Arlie Hochschild

Imagine two men drawn from Ofer Sharone’s highly insightful and important study of how jobless people search for work. One approaches a job interview as he might a  first date, and the other, as he would an oral exam. The first offers who he is, the second, what he has. As we learn from this book, the first man is likely to be a white-collar American, and the second, his Israeli counterpart. After encountering  a series of ‘no, no, no’s,’ it is the open-hearted American who is likely to blame himself, feel shame, and give up, while the pragmatic Israeli is more likely to shrug it off and keep trying. Here Sharone articulates a central ‘got-ya’ moment of American market individualism. Called to try to feel personally empowered in the face of a merciless market he cannot control, the jobless man recoils in heart-felt defeat and feels stripped of a dignity—and power—he might otherwise enjoy. Realizing this, Sharone notes, is a first step in mobilizing for social change.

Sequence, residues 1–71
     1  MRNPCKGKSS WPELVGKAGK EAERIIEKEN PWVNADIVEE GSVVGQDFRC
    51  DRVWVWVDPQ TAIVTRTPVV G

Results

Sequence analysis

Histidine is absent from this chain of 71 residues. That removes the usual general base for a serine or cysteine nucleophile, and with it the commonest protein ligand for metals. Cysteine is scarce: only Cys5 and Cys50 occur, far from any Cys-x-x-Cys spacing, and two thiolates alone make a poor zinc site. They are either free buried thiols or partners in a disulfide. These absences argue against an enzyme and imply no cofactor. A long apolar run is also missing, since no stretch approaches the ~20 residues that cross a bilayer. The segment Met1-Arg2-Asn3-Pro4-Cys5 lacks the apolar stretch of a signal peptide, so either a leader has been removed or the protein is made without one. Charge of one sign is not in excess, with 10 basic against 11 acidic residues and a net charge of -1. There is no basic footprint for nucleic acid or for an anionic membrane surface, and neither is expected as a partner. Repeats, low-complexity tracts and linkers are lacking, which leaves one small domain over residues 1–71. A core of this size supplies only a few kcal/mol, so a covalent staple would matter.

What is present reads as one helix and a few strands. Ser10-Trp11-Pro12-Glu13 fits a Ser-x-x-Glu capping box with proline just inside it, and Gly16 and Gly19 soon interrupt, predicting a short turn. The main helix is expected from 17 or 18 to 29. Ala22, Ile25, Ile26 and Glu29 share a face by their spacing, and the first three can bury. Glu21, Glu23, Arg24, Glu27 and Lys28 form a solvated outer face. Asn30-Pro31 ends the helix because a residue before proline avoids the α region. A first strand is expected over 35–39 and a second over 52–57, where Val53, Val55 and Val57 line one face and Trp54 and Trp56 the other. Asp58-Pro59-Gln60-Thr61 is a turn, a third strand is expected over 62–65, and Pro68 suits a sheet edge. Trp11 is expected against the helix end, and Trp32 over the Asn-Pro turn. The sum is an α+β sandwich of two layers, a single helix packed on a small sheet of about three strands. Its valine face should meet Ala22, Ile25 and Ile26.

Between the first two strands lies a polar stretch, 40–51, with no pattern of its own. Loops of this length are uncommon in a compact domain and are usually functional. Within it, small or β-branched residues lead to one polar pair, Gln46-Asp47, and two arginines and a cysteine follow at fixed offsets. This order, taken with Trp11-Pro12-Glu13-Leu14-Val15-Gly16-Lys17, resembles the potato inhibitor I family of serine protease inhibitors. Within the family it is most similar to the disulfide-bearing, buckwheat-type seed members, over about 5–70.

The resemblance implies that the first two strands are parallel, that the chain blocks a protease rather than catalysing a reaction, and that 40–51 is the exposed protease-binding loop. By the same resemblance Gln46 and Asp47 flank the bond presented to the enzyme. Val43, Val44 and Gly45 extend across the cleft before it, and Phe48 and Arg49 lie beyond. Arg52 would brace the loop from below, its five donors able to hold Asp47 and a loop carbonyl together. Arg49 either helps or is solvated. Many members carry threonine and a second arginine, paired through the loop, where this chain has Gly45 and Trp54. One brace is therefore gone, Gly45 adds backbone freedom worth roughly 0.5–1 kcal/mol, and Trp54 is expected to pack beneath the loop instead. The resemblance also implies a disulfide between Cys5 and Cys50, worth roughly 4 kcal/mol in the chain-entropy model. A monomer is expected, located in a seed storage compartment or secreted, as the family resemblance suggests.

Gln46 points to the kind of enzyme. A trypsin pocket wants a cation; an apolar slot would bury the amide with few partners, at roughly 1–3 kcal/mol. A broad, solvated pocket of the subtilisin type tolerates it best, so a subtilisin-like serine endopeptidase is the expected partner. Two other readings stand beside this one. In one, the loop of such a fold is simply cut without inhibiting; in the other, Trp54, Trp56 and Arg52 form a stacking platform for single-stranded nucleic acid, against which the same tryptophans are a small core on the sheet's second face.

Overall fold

Arlie Hochschild
author of The Outsourced Self